The truth is, scientists now believe that humans use their entire brain throughout each day. There are several threads of evidence that disprove the 10% myth. And here's what science has learned.
Neuropsychology is the study of the human brain and how its anatomy affects a person's
behavior, emotions, and cognition. Over the years, research has shown that various parts of the brain are responsible for specific functions; for example, recognizing colors or doing math problems.Science can now, using new technology like positron emission tomography and functional magnetic resonance imaging, prove that humans use every part of their brains. The entire brain is necessary for daily functioning. Research has yet to mind an area of the brain that is completely inactive. Brain imaging studies that measure brain activity when a person is doing a specific task show how different parts of the brain work together. But, like with all science, there are always critics and non-believers. There are many ways to prove that the 10% theory is only a myth, like this one. "The more direct counter to the ten-percent myth lies in individuals who have suffered brain damage – like through a stroke, head trauma, or carbon monoxide poisoning – and what they can no longer do, or do as well, as a result of that damage. If the ten percent myth is true, then damage to many parts of our brain shouldn’t affect your daily functioning."
Another line of evidence against the ten-percent myth comes from evolution. The adult brain only constitutes two percent of body mass, yet it consumes over 20 percent of the body’s energy. The human brain has been shaped by millions of years of natural selection. This, of course, passes down the most favorable traits that will increase the likelihood of survival. Why, then, would the human body spend so much energy to keep the entire brain functioning is only 10% of it was really necessary?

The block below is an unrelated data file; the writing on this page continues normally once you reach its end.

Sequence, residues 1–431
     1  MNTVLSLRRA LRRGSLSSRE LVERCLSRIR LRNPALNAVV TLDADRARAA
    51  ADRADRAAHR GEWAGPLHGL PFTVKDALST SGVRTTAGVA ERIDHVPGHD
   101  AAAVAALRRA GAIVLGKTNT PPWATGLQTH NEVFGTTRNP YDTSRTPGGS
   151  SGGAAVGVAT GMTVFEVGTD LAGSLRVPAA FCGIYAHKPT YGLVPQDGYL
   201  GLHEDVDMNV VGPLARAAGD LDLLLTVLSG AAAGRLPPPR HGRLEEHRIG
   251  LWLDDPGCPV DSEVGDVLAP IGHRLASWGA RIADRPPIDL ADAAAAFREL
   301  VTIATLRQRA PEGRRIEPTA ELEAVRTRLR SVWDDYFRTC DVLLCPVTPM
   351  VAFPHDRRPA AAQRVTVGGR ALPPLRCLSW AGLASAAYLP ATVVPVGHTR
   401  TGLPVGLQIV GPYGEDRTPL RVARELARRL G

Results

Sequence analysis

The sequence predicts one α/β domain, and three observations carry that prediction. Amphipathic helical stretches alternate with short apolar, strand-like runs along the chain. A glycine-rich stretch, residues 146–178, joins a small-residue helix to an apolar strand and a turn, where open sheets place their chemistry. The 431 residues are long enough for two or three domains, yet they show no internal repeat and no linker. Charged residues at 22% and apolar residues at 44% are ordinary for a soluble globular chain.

With all this evidence of proof that humans use all of their brains, why do some folks still believe the 10% myth? It's a little unclear how the myth spread in the first place, but it was well-publicized in self-help books for a long time, and may have even been grounded in the older, flawed neuroscience. The allure of the 10% myth is that it's wonderful to
daydream about the human potential if only that "missing 90%" could just be unlocked. "Another possible source of the myth lies in “silent” brain areas from older neuroscience research. For example, in the 1930s, neurosurgeon Wilder Penfield hooked electrodes to the exposed brains of his epilepsy patients while operating on them. He noticed that some brain areas caused his patients to experience various sensations, but that others seemed to experience nothing." However, as technology evolved, researchers discovered that those "silent" brain areas, which included the prefrontal lobes, did have functions after all.
So while it is now known that humans do access their full brains, it's still kind of fun to think that you might one day be able to access certain superpowers. Perhaps that's why Spiderman, Batman, Superwoman, and Superman retain their popularity so many years after their creation.